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In need of mercy

Kathryn Jean LopezDespite the headlines, I do not believe that we know what transpired during the recent meeting between Pope Francis and the president of the United States. We are told by the president that the pope is happy that Joe Biden is “a good Catholic.” I find it impossible to believe that that is the sum total or full context of their 90-minute meeting.

If Pope Francis’ pontificate was identified by one theme, it would be mercy. In his very first Sunday Angelus address, he pleaded with people to never, ever tire of asking God for forgiveness, because Jesus never tires of forgiving us! He said it all with an urgency and awe of the God who loves us so as to never want our souls to perish.

During one of his recent airplane press conferences, Pope Francis said, once again, that abortion is murder. Homicide. It’s like hiring a hitman. These are the words and phrases he typically uses when talking about abortion. He also said during that plane ride that Catholic politicians should be dealt with pastorally. And so, given that the pope is the most high-ranking pastor, it seems impossible to believe that Joe Biden’s escalating support for abortion didn’t come up in some way.

As it happens, on Biden’s inauguration day in January, Archbishop José H. Gomez of Los Angeles, the president of the U.S. Conference of Catholic Bishops, issued a statement recognizing the new president for his love of his Catholic faith.

Gomez wrote: “Working with President Biden will be unique, however, as he is our first president in 60 years to profess the Catholic faith. In a time of growing and aggressive secularism in American culture, when religious believers face many challenges, it will be refreshing to engage with a president who clearly understands, in a deep and personal way, the importance of religious faith and institutions. Mr. Biden’s piety and personal story, his moving witness to how his faith has brought him solace in times of darkness and tragedy, his longstanding commitment to the Gospel’s priority for the poor — all of this I find hopeful and inspiring.”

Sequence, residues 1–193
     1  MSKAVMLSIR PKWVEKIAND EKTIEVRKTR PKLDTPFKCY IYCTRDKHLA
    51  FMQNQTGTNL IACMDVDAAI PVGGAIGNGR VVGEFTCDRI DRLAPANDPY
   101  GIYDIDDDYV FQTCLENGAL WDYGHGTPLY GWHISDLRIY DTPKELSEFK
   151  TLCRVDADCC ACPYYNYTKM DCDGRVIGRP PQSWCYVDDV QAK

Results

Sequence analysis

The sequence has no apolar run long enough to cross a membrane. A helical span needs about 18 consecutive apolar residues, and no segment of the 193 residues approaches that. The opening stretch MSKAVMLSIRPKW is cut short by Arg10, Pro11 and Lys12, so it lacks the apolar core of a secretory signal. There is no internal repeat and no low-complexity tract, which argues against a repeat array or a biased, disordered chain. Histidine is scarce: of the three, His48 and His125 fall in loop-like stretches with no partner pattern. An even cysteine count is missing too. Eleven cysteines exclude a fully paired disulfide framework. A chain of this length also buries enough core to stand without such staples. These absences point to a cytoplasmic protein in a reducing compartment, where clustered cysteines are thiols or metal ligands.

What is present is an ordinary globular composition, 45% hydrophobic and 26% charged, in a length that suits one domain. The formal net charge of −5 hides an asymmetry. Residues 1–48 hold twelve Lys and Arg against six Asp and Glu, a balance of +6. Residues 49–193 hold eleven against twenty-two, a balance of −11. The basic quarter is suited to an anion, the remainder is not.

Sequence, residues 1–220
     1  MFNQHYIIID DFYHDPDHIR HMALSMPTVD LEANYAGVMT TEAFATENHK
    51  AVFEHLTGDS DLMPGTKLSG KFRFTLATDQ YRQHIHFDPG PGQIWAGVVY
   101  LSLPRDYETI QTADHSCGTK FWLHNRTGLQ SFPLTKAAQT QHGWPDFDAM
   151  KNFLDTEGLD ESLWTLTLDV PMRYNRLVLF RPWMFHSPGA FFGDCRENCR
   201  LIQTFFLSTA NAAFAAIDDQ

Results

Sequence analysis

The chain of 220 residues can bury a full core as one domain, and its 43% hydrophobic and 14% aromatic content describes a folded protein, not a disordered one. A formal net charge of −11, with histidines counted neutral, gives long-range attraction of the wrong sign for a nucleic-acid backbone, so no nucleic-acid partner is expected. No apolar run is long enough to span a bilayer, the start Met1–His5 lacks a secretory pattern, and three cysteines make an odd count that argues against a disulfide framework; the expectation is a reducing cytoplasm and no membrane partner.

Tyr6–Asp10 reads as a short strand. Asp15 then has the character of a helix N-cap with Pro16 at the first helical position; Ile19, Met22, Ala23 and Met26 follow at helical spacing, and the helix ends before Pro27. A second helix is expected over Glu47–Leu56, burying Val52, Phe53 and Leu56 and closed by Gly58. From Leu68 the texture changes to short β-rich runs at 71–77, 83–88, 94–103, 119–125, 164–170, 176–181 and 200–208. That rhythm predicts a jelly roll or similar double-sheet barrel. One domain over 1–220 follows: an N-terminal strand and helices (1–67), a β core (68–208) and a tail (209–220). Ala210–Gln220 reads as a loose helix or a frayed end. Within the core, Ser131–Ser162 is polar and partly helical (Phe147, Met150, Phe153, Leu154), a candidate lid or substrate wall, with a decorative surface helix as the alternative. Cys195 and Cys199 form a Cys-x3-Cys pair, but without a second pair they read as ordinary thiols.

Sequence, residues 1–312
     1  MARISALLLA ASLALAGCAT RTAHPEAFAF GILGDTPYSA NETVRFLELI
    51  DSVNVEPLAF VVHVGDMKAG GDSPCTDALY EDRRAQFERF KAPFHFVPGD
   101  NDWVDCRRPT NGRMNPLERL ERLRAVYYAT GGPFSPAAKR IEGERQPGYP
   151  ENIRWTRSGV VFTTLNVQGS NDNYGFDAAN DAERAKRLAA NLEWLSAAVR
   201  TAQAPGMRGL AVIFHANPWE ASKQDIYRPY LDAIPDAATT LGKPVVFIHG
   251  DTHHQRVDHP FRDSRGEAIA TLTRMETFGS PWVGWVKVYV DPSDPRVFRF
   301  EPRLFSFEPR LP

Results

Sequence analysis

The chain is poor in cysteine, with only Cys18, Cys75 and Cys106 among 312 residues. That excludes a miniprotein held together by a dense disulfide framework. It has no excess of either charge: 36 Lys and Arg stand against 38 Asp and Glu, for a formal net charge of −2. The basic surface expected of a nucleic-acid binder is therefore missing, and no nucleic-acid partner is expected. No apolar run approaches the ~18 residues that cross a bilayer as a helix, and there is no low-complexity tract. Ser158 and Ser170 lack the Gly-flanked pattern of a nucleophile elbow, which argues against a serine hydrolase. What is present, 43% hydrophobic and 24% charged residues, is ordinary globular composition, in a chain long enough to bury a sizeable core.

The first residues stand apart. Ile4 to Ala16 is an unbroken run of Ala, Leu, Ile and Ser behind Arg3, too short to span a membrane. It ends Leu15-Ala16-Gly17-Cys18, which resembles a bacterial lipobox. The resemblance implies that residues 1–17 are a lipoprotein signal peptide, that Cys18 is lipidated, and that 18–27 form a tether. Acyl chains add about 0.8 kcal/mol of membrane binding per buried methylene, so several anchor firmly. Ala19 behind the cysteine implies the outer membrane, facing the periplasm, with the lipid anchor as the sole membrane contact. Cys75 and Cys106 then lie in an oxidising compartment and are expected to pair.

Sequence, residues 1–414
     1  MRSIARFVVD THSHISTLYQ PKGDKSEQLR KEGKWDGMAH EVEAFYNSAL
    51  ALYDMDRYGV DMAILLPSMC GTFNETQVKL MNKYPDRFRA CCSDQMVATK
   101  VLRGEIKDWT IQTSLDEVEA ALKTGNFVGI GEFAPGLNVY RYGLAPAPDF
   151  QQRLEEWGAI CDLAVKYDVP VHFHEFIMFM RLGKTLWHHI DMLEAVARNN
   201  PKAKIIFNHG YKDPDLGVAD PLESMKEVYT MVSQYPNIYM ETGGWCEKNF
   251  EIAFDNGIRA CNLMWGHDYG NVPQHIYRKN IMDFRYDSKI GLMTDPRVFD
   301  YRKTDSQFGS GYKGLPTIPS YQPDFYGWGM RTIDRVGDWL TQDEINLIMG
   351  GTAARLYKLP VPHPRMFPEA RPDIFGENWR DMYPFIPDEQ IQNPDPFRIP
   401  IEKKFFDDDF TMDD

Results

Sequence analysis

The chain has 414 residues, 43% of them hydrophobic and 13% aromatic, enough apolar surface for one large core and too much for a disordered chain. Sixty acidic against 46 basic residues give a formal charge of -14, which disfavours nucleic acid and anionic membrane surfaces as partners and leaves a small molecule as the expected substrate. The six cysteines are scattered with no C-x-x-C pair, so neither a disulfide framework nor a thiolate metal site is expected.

But he also pointed out the obvious: “Our new president has pledged to pursue certain policies that would advance moral evils and threaten human life and dignity, most seriously in the areas of abortion, contraception, marriage, and gender. Of deep concern is the liberty of the Church and the freedom of believers to live according to their consciences.” As a pastor, and leader of the conference, it’s important to tell the truth or the scandal increases.

He went on to say: “We have deep concerns about many threats to human life and dignity in our society. But as Pope Francis teaches, we cannot stay silent when nearly a million unborn lives are being cast aside in our country year after year through abortion.”

This is not said often enough. Some Catholic schools barely teach it. It’s this evil that is both hidden and triumphantly deceptive — those most ardent advocates say it is about choice and health and freedom. So many women and girls don’t feel they have the freedom to choose life, though.

Saying you’re personally opposed somewhere in your heart — a position that is not followed by actions — does nothing to protect the most vulnerable human life. It is trendy to cancel people in history who were not perfect. What will history say about people who walked past abortion clinics and pressured women to kill their unborn babies?

A religious sister recently said to me that she was praying like crazy that Joe Biden repents before it is too late. It is his immortal soul that she’s thinking of.

If Roe v. Wade is overturned by the Supreme Court, that’s not going to be the end of abortion in America. As Pope Francis might put it, everyone who has anything to do with the throwaway culture needs to repent. That’s all of us in some way or another. So, mercy, President Biden, is probably something the pope mentioned to you along the way. He certainly has to the rest of us.

Kathryn Jean Lopez is a senior fellow at the National Review Institute and editor-at-large of National Review.

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